Investing And Financial Freedom Does Not Involve Sacrifice

Of course investing and pursuing financial freedom involves sacrifice. Right? Personally I think that mindset is counter-productive. For one, it's focusing on the wrong thing, but - primarily -  also because it's not true.
Well, that's just stupid isn't it? Of course investing and pursuing financial freedom involves sacrifice!

You're skipping that grande mocha frap to save money. You're not buying that latest smartphone model so you can buy more stocks. Eating out at restaurants has become a rare occurrence, replaced instead by DVD marathons at home. You carefully make a list and buy in bulk, excluding most if not all guilty pleasures. All in an effort to lower your expenses so you can allot more for the mutual fund you're building up as a retirement fund.

How can that not be sacrificing?

Well, if you've ever read Richest Man in Babylon, then - in the back of your mind, at least - you already know why.

"Each of you, together with your good families, have more desires than your earnings can gratify. Therefore are thy earnings spent to gratify these desires insofar as they will go. Still thou retainest many ungratified desires. All men are burdened with more desires than they can gratify."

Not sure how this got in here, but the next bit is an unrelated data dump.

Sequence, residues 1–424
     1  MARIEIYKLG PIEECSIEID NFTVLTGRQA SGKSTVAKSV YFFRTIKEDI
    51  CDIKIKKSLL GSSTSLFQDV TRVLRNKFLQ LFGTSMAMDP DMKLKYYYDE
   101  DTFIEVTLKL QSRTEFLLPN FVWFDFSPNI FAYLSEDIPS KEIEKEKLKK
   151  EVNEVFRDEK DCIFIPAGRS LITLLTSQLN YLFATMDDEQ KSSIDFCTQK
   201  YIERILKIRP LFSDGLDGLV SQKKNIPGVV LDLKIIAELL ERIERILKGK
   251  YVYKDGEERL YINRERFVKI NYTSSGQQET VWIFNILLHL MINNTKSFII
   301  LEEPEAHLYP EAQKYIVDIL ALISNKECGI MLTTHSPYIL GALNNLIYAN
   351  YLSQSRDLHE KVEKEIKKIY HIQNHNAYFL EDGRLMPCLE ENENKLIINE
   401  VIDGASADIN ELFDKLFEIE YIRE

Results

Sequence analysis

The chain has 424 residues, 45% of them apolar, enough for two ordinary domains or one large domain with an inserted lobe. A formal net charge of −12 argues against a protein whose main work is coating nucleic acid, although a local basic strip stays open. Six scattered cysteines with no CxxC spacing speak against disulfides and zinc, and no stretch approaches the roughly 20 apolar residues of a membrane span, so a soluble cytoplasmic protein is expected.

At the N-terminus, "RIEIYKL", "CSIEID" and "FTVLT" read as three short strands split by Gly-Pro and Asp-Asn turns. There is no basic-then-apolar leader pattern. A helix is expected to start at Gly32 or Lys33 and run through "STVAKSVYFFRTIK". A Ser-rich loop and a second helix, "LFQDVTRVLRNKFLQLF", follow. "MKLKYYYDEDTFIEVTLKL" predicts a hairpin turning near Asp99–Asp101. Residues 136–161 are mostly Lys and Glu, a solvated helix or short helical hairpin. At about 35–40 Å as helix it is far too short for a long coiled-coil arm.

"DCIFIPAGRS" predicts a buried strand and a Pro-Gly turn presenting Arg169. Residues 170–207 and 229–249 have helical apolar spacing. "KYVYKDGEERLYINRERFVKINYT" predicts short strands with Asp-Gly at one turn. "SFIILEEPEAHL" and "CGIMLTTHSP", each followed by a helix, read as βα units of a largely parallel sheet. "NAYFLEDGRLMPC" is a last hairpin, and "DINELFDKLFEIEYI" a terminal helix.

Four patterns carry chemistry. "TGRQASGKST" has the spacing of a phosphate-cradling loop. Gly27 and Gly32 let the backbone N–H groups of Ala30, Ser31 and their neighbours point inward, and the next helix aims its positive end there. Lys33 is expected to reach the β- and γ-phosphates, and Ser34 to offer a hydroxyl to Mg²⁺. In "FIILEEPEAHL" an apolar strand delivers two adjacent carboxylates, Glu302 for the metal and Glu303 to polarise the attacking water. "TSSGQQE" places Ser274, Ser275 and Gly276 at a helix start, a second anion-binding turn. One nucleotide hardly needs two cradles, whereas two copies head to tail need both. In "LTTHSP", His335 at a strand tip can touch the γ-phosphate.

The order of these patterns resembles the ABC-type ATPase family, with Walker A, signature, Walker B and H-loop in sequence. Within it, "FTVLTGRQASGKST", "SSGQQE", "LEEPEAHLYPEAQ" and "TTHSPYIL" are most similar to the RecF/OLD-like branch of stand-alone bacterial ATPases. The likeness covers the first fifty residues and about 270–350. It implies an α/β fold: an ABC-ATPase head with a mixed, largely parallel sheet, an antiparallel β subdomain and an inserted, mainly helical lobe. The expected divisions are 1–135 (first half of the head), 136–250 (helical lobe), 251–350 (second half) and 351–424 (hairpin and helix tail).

- Arkad, Richest Man In Babylon

This was meant to explain why paying yourself will work for anyone, regardless of income. (And partly as an assurance that it will.)

But let's hold that thought for a moment and consider another thing we know about wealth: it's not about accumulation (i.e. amassing more money than we know what to do with). Instead - like most things in life - it's about achieving goals.

For most people, those goals are pretty simple - your own house, your own car, money to support your family, time and money to support your passion or hobby, and other such life-goals. After that, it typically becomes a list of gadgets, trinkets, ornaments, and various other status symbols.

What's important to point out is that those life-goals, if we get really technical in our definition aren't "needs" - you don't "need" your own house because you can always rent. In almost all cases a car is not a necessity due to the availability of public transport. You'll need money to support your family, but you don't need financial freedom for that. And of course a hobby is just a hobby.

Those arguments are, arguably, a matter of semantics. But there is no denying that we want those things.

Now, think about it: You'll always have wants that you'll never get.*

So if you want that dream house and you want that brand new tablet, you're just choosing between wants.

Saving the money to buy that house is not a sacrifice - it's just buying your dreams on installment.

That's what saving, investing, and financial freedom is all about - being smart about your choices. You'll never get all of your wants anyway, so why not choose the ones you want the most, right?


*It's true for everyone, unless  they were born a billionaire - in which case, time and knowledge are the only significant limits you'll have.


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photo credit: natalia love via photopin cc

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